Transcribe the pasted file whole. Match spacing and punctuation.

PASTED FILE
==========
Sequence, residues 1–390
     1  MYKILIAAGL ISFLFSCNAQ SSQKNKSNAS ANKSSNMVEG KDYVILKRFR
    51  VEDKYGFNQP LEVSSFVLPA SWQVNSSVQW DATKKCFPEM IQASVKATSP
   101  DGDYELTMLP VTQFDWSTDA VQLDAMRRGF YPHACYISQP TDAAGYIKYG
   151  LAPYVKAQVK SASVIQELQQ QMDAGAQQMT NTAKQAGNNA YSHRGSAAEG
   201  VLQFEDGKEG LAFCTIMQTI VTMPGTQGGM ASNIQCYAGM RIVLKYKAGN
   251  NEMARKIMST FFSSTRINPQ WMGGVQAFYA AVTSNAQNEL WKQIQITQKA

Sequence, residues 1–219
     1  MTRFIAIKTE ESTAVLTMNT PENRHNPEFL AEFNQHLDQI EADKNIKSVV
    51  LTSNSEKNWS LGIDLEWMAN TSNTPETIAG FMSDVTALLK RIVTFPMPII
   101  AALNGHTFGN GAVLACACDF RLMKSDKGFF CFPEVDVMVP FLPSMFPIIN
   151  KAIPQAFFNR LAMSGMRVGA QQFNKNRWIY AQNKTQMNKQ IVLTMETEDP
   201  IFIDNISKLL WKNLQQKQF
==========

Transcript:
Sequence, residues 1–390
     1  MYKILIAAGL ISFLFSCNAQ SSQKNKSNAS ANKSSNMVEG KDYVILKRFR
    51  VEDKYGFNQP LEVSSFVLPA SWQVNSSVQW DATKKCFPEM IQASVKATSP
   101  DGDYELTMLP VTQFDWSTDA VQLDAMRRGF YPHACYISQP TDAAGYIKYG
   151  LAPYVKAQVK SASVIQELQQ QMDAGAQQMT NTAKQAGNNA YSHRGSAAEG
   201  VLQFEDGKEG LAFCTIMQTI VTMPGTQGGM ASNIQCYAGM RIVLKYKAGN
   251  NEMARKIMST FFSSTRINPQ WMGGVQAFYA AVTSNAQNEL WKQIQITQKA

Sequence, residues 1–219
     1  MTRFIAIKTE ESTAVLTMNT PENRHNPEFL AEFNQHLDQI EADKNIKSVV
    51  LTSNSEKNWS LGIDLEWMAN TSNTPETIAG FMSDVTALLK RIVTFPMPII
   101  AALNGHTFGN GAVLACACDF RLMKSDKGFF CFPEVDVMVP FLPSMFPIIN
   151  KAIPQAFFNR LAMSGMRVGA QQFNKNRWIY AQNKTQMNKQ IVLTMETEDP
   201  IFIDNISKLL WKNLQQKQF